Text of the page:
What is a Neutron ?
"What is a neutron ?" is a question that can be answered at various levels of detail and complexity, depending on the context. This page describes neutrons at the the level required for high school chemistry (GCSE to A-Level in the UK).
Definition of a Neutron:
A neutron is a subatomic particle found in the nucleus of atoms that differs from the other subatomic particles (called protons) in the nucleus of atoms because neutrons have no (zero) charge whereas each proton has a positive charge of +1.
The number of neutrons in an atom determines not only the isotope but also, therefore, its physical properties e.g. in general the greater the mass of its individual particles (due to more neutrons in their nuclei) the higher the melting and boiling points of a material tend to be.
Neutrons that do not form part of the nucleus of an atom are called 'free neutrons' and are unstable but important for the understanding of aspects of nuclear power production and experimental particle physics.
Key Facts about Neutrons
- Neutrons are located in the nucleus of atoms, together with the protons in the atom.
- Neutrons have zero charge.
Another way to state the same thing is to say that neutrons are 'charge neutral'.
- Neutrons have a relative mass of 1, which is the same as the relative mass of protons.
- The number of neutrons in an atom may be calculated from the atomic number of that atom (element) and the mass number of that atom (isotope).
Number of Neutrons (in an atom) = Mass Number (A) - Atomic Number (Z)
- Protons and neutrons are collectively referred to as nucleons.
- Neutrons are responsible for about half the weight of conventional matter by volume.
- Neutrons play important roles in nuclear power production.
Questions about Neutrons
- When was the neutron first discovered ? and Who discovered the neutron ?
The neutron was discovered in 1932 by James Chadwick who was working at Cambridge University, England.
Chadwick had been working with Ernest Rutherford who had found evidence for the proton in 1919 and then (in 1920) suggested that a particle such as the neutron might exist because the disparity between the atomic number of an atom and its atomic mass could be explained by the existence of a neutrally charged particle within the atomic nucleus.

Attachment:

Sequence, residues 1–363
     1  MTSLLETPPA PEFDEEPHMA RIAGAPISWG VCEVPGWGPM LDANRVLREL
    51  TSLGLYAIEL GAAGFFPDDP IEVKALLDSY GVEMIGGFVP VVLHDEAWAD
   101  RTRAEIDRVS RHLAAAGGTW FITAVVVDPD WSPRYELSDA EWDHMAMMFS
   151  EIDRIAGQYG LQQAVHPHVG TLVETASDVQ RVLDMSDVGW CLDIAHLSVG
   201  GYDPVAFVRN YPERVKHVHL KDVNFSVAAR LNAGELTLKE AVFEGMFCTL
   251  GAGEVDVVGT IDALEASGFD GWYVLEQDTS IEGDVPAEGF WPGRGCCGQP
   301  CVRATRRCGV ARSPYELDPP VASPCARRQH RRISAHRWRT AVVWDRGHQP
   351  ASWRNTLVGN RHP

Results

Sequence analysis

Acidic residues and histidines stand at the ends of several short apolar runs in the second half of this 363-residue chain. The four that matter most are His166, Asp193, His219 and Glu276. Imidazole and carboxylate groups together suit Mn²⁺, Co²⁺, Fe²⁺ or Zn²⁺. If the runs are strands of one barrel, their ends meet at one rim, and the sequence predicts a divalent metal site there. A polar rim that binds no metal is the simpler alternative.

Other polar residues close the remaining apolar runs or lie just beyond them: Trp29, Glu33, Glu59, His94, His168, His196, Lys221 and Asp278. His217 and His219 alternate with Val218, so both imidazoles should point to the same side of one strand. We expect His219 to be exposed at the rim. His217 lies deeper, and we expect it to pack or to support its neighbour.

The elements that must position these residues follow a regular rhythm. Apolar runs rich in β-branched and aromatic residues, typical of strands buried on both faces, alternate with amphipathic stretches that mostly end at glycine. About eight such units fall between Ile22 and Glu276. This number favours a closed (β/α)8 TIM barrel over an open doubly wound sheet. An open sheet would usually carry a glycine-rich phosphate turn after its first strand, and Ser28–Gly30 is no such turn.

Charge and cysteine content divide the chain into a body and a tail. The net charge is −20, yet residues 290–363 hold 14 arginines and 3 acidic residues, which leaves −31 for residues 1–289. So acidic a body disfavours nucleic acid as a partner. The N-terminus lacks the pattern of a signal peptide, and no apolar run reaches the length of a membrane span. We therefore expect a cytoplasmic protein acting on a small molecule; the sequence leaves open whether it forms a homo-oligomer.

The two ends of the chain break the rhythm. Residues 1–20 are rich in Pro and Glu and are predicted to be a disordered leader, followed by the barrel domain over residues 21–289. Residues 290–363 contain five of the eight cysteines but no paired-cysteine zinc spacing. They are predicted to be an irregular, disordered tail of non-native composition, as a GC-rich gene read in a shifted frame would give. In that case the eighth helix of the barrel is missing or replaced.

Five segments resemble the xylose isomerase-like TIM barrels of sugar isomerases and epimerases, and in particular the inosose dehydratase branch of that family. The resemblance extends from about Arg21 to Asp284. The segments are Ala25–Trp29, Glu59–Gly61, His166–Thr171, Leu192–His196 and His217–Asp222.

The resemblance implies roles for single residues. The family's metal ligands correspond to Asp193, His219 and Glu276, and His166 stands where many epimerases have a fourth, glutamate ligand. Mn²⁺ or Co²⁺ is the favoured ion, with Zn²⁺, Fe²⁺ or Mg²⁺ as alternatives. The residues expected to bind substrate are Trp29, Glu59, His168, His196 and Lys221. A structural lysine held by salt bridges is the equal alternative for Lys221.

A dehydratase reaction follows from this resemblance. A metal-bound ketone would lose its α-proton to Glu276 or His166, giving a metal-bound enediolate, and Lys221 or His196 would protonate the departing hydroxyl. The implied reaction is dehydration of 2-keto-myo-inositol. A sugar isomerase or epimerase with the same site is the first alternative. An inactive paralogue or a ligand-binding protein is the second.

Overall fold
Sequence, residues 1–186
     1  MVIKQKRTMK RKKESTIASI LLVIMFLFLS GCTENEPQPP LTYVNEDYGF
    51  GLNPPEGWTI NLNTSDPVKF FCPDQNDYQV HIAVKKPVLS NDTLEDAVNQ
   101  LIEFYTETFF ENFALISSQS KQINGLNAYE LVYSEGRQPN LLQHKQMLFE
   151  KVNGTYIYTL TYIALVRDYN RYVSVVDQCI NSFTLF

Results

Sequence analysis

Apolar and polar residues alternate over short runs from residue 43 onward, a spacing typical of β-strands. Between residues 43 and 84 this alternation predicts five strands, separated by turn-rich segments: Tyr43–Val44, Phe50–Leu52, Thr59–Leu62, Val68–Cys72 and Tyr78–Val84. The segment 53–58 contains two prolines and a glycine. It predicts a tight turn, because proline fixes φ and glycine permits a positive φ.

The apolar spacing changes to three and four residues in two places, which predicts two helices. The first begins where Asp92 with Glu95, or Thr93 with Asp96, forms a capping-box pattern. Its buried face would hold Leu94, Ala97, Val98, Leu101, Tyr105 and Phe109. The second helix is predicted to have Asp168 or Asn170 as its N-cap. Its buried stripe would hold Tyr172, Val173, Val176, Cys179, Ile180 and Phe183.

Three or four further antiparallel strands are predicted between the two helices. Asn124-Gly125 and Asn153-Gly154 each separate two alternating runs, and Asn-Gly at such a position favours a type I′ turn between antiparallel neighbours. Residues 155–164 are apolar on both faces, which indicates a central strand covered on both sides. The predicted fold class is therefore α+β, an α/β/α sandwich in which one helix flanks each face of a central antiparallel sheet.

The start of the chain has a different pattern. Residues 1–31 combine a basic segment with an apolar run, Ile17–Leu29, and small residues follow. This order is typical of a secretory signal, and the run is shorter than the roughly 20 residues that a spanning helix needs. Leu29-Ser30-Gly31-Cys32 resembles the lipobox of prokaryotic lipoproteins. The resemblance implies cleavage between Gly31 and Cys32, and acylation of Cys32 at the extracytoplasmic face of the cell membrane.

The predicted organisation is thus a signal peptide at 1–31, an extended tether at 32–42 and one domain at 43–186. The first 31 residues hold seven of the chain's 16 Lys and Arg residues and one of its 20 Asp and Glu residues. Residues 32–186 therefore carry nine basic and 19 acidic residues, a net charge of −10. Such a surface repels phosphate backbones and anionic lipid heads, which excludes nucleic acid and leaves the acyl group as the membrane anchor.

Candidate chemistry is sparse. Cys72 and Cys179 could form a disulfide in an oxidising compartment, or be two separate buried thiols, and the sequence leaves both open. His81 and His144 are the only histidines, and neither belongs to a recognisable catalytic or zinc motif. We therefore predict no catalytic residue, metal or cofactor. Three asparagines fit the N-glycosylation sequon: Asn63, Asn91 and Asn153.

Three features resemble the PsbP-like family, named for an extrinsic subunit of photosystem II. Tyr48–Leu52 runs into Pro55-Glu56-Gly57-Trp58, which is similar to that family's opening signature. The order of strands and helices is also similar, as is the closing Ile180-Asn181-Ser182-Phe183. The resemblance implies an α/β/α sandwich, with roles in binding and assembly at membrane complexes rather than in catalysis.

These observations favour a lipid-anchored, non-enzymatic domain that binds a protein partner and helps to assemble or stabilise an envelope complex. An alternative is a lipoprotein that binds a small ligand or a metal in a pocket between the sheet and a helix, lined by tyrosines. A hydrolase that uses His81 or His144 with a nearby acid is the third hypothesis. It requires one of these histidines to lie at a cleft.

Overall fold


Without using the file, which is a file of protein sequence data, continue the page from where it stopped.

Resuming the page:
In 1930 Viktor Ambartsumian and Dmitri Ivanenko, who were working in the USSR showed that, contrary to the mainstream scienticific view of the day, the nucleus of an atom does not consist of protons and electrons, and that some neutral particles must be present in the nuclei of atoms (in addition to protons). Then Walther Bothe and Herbert Becker, working in Germany in 1931, found that if the very energetic alpha particles emitted from the radioactive element polonium struck light (that is, having relatively low atomic mass) elements, specifically beryllium, boron, or lithium, an unusually penetrating radiation was produced. Initially this new and interesting form of radiation was thought to be gamma radiation even though it was more penetrating than any previously reported gamma rays. The next development in the path to the discovery of the neutron was reported in 1932 by Irène Joliot-Curie and Frédéric Joliot who were working in Paris. They found that if this unknown radiation (then thought by many to be a form of gamma radiation) interacted with paraffin or any other hydrogen-containing compound, it ejected extremely high-energy protons. Detailed analysis of data from their experiements made it increasingly difficult to explain the 'new' radiation as gamma rays. Finally, in 1932, James Chadwick conducted a series of experiments that demonstrated that the radiation in question could not be gamma rays. Instead, he suggested that it consisted of uncharged particles of approximately the mass of the proton, then performed further experiments that proved his theory correct. The uncharged particles whose existance was established by Chadwick's experiements were called 'neutrons'.